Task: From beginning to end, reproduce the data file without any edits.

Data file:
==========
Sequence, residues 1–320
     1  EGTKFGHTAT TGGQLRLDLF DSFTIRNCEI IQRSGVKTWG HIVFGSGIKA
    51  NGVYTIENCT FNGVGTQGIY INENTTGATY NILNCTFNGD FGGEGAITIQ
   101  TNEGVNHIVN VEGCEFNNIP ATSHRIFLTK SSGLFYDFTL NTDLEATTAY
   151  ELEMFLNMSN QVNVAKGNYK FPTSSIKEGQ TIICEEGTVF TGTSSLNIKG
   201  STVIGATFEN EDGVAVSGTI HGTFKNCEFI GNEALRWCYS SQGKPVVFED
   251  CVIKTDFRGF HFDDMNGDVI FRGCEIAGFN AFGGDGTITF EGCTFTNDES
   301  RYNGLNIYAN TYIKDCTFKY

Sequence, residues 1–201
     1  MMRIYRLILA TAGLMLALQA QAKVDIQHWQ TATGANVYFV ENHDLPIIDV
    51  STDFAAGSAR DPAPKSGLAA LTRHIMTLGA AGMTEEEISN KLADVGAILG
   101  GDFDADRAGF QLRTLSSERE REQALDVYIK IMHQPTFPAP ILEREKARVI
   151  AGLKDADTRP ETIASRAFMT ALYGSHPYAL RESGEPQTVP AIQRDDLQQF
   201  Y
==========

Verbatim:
Sequence, residues 1–320
     1  EGTKFGHTAT TGGQLRLDLF DSFTIRNCEI IQRSGVKTWG HIVFGSGIKA
    51  NGVYTIENCT FNGVGTQGIY INENTTGATY NILNCTFNGD FGGEGAITIQ
   101  TNEGVNHIVN VEGCEFNNIP ATSHRIFLTK SSGLFYDFTL NTDLEATTAY
   151  ELEMFLNMSN QVNVAKGNYK FPTSSIKEGQ TIICEEGTVF TGTSSLNIKG
   201  STVIGATFEN EDGVAVSGTI HGTFKNCEFI GNEALRWCYS SQGKPVVFED
   251  CVIKTDFRGF HFDDMNGDVI FRGCEIAGFN AFGGDGTITF EGCTFTNDES
   301  RYNGLNIYAN TYIKDCTFKY

Sequence, residues 1–201
     1  MMRIYRLILA TAGLMLALQA QAKVDIQHWQ TATGANVYFV ENHDLPIIDV
    51  STDFAAGSAR DPAPKSGLAA LTRHIMTLGA AGMTEEEISN KLADVGAILG
   101  GDFDADRAGF QLRTLSSERE REQALDVYIK IMHQPTFPAP ILEREKARVI
   151  AGLKDADTRP ETIASRAFMT ALYGSHPYAL RESGEPQTVP AIQRDDLQQF
   201  Y